Tips For Lowering TVs’ Screen Size

When mounted close to a wall, TVs can be difficult to access USB, HDMI, and other ports. You can buy products that either hide the cords or make them easier to see, but some people prefer to get creative and mount their TV’s on a piece of wood or a custom shelf. While this is certainly an option that can look good, it can also be risky since there’s a chance the mount can come loose and fall off the wall. You also need to consider the weight of the TV and all the wires that need to be attached, so it’s best to consult a professional before doing this.

Many new TVs default to a mode that many people find too bright, but it’s easy to fix this with a few minutes of effort. The most common way to do this is to go into the picture settings menu and change the backlight to a lower level. You should still be able to see the image clearly, but it won’t be as bright. This will also prolong the life of the LEDs, which can be a big advantage if you plan on owning your TV for a long time.

Upscaling is one of the most important factors in a TV’s performance, as it determines how well the image translates lower resolution content to the screen. This can be as simple as how the shingles on a roof appear in a movie, where a TV with poor upscaling will cause them to blend together, or as complex as how well a TV can read hardcoded subtitles for a foreign language film.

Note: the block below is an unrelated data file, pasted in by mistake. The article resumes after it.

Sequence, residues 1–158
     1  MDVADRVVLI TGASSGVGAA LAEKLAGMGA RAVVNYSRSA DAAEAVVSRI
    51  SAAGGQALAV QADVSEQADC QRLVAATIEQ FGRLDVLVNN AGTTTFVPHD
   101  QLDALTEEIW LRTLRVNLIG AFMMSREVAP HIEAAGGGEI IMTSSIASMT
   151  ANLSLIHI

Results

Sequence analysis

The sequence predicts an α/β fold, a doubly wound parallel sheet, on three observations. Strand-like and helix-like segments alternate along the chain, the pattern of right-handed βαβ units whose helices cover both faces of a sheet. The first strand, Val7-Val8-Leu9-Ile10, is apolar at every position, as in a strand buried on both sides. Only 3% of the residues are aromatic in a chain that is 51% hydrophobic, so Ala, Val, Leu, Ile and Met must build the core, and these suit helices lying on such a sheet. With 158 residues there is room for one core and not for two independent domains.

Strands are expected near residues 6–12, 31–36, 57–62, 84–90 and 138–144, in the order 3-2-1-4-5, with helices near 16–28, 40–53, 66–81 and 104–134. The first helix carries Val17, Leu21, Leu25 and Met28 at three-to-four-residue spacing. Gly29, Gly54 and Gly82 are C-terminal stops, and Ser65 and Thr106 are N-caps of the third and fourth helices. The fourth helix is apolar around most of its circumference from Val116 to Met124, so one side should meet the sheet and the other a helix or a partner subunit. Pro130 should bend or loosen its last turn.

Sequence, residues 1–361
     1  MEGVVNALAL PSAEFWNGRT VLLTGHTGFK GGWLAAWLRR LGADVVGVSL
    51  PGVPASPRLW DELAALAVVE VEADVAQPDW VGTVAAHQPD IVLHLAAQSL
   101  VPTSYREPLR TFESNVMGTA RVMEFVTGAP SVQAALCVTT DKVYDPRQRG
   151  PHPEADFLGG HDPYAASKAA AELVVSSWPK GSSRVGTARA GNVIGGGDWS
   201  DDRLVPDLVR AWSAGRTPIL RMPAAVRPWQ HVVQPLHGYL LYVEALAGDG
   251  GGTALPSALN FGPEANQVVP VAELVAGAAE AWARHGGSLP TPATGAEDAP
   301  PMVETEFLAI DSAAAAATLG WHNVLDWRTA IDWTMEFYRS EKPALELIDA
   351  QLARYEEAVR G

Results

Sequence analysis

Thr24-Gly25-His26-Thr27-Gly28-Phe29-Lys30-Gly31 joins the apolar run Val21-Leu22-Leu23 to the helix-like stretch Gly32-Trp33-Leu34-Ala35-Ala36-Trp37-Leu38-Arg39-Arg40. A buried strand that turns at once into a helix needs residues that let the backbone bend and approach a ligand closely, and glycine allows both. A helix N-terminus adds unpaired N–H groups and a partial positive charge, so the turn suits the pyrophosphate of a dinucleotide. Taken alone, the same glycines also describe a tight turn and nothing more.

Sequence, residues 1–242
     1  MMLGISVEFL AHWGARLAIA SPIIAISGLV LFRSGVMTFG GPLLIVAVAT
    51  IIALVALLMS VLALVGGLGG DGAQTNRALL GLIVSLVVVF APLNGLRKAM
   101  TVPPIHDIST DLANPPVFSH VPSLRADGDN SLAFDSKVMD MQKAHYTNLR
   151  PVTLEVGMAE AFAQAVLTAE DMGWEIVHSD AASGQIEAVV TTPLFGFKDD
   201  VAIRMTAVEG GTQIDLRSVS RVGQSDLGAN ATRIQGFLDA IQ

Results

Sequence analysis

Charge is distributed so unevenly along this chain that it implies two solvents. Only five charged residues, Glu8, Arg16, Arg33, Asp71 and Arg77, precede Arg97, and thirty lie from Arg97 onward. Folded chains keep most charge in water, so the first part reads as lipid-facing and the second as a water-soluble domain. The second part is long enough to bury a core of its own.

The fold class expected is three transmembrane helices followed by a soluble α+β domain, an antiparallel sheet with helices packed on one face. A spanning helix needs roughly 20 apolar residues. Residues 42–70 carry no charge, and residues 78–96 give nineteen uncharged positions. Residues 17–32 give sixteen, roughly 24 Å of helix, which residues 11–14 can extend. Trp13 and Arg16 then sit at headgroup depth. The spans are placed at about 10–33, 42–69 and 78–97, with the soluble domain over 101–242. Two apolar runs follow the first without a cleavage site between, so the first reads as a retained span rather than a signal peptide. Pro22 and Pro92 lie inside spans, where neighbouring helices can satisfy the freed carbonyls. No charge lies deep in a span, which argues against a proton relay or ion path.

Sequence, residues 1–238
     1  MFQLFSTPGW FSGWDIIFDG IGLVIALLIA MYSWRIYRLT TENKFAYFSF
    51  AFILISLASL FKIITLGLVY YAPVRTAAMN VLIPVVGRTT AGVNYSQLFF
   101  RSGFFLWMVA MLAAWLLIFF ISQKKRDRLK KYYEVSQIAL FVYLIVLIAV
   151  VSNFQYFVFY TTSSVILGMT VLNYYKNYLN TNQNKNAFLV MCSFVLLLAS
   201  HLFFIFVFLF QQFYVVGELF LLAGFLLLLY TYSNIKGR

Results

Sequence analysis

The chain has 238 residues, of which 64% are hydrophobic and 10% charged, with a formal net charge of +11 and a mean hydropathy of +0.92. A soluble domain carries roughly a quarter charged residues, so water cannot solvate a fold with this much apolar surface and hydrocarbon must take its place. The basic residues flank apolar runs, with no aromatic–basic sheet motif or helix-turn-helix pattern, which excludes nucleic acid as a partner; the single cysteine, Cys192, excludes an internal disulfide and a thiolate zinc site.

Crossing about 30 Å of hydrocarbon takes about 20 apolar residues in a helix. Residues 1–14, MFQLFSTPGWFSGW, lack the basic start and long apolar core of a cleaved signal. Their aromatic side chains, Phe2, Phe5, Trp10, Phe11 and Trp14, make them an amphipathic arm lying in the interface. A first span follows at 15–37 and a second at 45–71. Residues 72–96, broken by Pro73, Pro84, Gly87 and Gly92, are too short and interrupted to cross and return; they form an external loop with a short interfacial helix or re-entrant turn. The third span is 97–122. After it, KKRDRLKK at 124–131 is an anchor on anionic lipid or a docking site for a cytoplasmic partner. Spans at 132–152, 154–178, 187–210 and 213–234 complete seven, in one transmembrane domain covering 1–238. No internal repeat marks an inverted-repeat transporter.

Another important factor is the TV’s motion processing, which can make moving objects look smoother but usually comes at a price in terms of input lag, which can be quite noticeable when playing video games. The good news is that most modern TVs have a setting that can be turned off, and turning it off can shave off about 10ms of input lag in most cases.

Some TV manufacturers also include settings that can reduce the risk of permanent burn-in on OLED screens. For example, LG’s Gallery series includes a ‘Logo Luminance Adjuster’ setting that reduces the brightness of logos on cable channels to help avoid this issue. These are a great option to try, but don’t expect them to work miracles since it can take up to 54 years for OLED panels to lose half their brightness. That’s far beyond the average lifespan of most TV owners, and even longer for those who rarely use their TVs. For this reason, it’s always best to vary the type of content you watch. This will also help to keep the screen looking fresh and less susceptible to image retention. lowering TV’s

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